Nepal | November 19, 2018

Delays in policy and fuel crisis holding up recovery efforts

Himalayan News Service
Private vehicles and cabs waiting for their turn to refill petrol at the  Bhadrakali-based Ripumardini Petrol Pump, operated by the Nepal Army, as the nation reels under deepening fuel crisis, in Kathmandu on Friday, October 09, 2015. Photo: THT

Private vehicles and cabs waiting for their turn to refill petrol at the Bhadrakali-based Ripumardini Petrol Pump, operated by the Nepal Army, as the nation reels under deepening fuel crisis, in Kathmandu on Friday, October 09, 2015. Photo: THT

Kathmandu, October 25

Relief for the eight million people affected by the huge Nepal earthquake six months ago is still being disrupted by delays in reinstating the government’s National Reconstruction Agency (NRA), Oxfam has said in a press statement.

NRA has remained in limbo after the government legislation that originally created it lapsed almost two months ago — a Replacement Bill to renew its legal mandate has yet to be passed by the parliament.

An on-going fuel crisis is adding to the problems, putting at risk the health and safety of thousands of people as winter approaches. More than 8,600 people were killed and half a million houses destroyed by the quake. Fuel deliveries from India have been constrained for more than a month, causing shortages that are preventing Oxfam and other aid agencies from reaching an estimated 81,000 families who need durable shelter and relief items such as blankets before sub-zero temperatures set in.

An estimated 850,000 homes were destroyed or badly damaged in the 7.6 magnitude earthquake six months ago and subsequent aftershocks. Tens of thousands of people are still living in basic shelters built from bamboo and corrugated
metal, which are not fit for freezing winter conditions.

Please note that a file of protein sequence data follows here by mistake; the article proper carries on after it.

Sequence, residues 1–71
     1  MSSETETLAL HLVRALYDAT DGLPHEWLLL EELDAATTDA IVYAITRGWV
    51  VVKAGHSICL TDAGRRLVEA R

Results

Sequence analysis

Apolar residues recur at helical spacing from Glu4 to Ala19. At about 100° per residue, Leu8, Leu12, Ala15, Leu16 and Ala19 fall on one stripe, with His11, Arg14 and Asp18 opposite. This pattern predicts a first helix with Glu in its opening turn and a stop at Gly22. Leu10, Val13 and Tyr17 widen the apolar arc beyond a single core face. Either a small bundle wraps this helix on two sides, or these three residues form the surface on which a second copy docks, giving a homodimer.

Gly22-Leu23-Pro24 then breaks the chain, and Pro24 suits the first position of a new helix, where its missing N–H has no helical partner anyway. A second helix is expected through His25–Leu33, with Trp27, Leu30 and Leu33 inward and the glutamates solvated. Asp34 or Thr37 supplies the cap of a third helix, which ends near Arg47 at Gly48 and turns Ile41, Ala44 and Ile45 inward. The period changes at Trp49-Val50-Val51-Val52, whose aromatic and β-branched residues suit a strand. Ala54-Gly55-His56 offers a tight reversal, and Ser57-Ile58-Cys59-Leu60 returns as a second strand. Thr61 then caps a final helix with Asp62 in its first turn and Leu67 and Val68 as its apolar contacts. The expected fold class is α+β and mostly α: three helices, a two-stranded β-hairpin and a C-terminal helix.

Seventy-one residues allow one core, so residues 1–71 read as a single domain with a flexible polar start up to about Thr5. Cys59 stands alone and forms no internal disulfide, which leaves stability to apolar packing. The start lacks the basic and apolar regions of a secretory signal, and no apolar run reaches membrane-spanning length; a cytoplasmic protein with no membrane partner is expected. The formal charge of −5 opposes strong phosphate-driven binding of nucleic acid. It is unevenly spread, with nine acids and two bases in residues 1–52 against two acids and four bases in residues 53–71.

John Augsburger, Oxfam humanitarian programme director in Nepal, said, “The Nepal government must put recovery efforts back on track by immediately passing the Bill that will reinstate the NRA. It must also urgently resolve the ongoing fuel crisis before it is too late for us to deliver winter supplies to affected communities.”

“The fuel crisis is narrowing the window we have to reach communities before the cold winter sets in. Temperatures frequently drop below zero in mountainous Nepal and this is going to take its toll on earthquake survivors — particularly the elderly, pregnant women and children,” said Augsburger.

Oxfam, in the statement, thanked people from around world for their generosity due to which it has been able to reach more than 445,000 people in seven of the worst-hit districts. Oxfam is providing blankets, mattresses,and warm clothing to help with the cold, as well as shelter kits, clean water, toilets, hygiene equipment and rice seeds.

Jagannath Kurmi, chairman of the National Network of Community based Disaster Management Committees (NCDMC), said, “It is still unclear what the government’s support for reconstruction will look like. The reconstruction work has been very sluggish. People somehow survived the monsoon but they will soon be facing the challenge of the winter, if they are not provided with adequate support. Winter kits should be provided immediately.”

Kurmi further added that in the absence of clear designs and guidelines, those able to rebuild their houses have not yet started rebuilding. “The government must push forward with the reconstruction work and should also make it possible for the poor and the earthquake-affected to get support.”

Oxfam, through the statement, has called on government and all parties involved to immediately resolve fuel crisis to ensure that essential supplies start flowing again.


A version of this article appears in print on October 27, 2015 of The Himalayan Times.


Follow The Himalayan Times on Twitter and Facebook

Recommended Stories: